Schroth was a haulage contractor by trade, and had vast experience dealing with horses. At the age of 18 he successfully treated a horsewith an injured knee using cold compresses. He acquired a reputation as a healer of domestic animals, and subsequently used this treatment on injured humans. Later heintroduced steam baths and full-body wraps for individuals without injuries as a means of naturopathic healing. From observations of sick animals that refused to eat,Schroth developed the idea of an austere diet for humans that included a regimen of "dry and drinkable days". Soon his curative methodology of cold wraps, steam anddiet was touted as a means of purification and detoxification of the entire body, physical and mental.
Some people considered Schroth a "miracle worker" during hislifetime, and others thought him to be a charlatan, including several influential physicians. During the 19th century there was a dispute between supporters of Schroth andfollowers of hydrotherapist Vincenz Priessnitz (1799-1851), as to which naturopathic system was superior.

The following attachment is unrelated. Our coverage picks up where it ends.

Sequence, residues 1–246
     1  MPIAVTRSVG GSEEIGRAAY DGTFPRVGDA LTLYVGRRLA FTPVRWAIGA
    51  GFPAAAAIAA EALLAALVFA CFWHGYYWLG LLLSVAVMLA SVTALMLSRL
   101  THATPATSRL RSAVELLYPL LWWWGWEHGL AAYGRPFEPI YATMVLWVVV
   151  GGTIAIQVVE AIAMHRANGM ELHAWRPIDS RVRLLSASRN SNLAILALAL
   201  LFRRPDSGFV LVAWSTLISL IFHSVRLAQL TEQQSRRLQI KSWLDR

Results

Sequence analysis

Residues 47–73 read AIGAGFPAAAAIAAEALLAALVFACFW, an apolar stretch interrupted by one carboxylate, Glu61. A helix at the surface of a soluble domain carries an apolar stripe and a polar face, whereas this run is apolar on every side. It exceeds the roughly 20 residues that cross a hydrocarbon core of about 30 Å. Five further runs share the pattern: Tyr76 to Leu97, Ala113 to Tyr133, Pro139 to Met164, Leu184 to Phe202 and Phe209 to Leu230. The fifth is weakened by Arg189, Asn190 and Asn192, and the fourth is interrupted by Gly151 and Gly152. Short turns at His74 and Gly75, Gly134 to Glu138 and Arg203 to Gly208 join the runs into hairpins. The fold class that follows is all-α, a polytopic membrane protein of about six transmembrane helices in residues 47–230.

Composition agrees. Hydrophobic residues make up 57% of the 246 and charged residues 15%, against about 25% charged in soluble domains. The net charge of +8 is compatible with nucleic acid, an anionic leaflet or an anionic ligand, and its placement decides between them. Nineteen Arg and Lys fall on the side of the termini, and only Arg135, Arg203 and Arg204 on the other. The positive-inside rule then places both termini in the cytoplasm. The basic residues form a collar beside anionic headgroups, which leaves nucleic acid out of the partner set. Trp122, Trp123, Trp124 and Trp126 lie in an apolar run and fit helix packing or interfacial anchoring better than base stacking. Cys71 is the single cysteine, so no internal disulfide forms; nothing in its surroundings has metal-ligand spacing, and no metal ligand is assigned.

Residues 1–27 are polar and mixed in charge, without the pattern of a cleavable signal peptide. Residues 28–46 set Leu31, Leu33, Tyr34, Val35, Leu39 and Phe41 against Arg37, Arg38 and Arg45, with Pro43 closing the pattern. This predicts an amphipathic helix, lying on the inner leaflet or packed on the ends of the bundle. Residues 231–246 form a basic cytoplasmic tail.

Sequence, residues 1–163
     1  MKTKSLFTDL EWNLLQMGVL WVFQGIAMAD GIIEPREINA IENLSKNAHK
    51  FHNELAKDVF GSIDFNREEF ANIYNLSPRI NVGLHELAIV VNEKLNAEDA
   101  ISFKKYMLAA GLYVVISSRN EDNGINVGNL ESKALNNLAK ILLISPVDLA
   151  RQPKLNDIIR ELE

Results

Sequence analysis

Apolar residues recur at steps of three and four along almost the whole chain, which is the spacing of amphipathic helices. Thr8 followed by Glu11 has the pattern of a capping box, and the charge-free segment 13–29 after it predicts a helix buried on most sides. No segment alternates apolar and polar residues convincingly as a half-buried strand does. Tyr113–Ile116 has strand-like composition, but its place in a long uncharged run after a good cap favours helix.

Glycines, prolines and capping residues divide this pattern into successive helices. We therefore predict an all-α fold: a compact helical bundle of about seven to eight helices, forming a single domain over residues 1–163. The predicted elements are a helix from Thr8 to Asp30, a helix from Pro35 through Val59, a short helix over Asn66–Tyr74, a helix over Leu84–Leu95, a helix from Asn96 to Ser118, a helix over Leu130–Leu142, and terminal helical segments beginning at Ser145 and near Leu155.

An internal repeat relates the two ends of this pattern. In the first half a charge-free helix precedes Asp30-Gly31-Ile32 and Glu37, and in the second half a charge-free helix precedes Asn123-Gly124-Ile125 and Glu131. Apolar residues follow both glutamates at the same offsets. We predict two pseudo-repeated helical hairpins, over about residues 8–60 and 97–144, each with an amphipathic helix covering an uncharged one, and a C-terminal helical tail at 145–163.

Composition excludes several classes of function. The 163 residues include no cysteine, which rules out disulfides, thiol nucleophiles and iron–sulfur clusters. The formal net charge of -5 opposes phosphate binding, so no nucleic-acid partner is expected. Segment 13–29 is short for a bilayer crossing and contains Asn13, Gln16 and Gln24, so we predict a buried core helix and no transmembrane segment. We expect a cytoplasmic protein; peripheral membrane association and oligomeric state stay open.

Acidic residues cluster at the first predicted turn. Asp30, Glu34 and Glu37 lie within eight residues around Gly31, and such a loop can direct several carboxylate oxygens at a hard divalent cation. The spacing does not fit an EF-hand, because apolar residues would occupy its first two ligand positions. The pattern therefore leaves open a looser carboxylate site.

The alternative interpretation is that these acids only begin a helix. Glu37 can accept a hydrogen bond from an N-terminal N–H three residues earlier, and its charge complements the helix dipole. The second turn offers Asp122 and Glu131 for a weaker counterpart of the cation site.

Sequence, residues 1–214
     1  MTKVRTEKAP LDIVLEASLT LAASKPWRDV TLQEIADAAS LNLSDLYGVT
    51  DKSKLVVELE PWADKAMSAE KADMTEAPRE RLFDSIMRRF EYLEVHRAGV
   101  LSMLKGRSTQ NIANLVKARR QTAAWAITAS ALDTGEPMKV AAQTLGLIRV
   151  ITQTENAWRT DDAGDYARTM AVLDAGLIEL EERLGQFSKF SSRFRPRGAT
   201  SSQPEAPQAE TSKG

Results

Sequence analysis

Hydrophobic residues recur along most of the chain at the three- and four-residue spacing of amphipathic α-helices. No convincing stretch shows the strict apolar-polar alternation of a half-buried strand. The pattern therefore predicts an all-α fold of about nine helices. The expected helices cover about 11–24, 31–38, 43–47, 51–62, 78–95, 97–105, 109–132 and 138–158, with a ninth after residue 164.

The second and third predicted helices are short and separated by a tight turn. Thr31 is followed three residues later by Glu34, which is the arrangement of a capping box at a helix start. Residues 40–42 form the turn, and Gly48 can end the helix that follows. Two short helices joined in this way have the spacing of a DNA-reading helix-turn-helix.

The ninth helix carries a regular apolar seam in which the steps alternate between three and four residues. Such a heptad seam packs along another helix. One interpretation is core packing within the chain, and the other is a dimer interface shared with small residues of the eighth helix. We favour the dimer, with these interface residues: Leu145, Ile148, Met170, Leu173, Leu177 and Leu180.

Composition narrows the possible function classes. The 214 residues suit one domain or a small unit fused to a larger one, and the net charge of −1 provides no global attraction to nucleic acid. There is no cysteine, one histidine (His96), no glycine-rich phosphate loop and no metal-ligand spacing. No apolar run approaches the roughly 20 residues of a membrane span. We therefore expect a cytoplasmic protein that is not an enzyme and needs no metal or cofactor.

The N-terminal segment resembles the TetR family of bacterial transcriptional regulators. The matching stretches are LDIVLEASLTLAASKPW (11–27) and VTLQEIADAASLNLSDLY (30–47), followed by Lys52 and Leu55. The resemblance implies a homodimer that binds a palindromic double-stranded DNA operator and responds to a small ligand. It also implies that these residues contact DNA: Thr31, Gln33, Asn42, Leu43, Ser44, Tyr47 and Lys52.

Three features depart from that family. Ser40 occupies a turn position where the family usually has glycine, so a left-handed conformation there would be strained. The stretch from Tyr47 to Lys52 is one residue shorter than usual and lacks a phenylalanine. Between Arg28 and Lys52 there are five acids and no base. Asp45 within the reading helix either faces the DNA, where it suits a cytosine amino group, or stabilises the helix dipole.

Around 1830 Schroth founded a health spa at Bad Lindewiesewhich gradually grew in importance as a cold water spa. After his death the business was taken over by his son, Emmanuel Schroth (1832-1890), who moderated hisfather's extreme regimen, and in doing so, increased the number of persons seeking the Schrothkur. Today, the "Schroth Cure" is still practiced in Europe and elsewhere.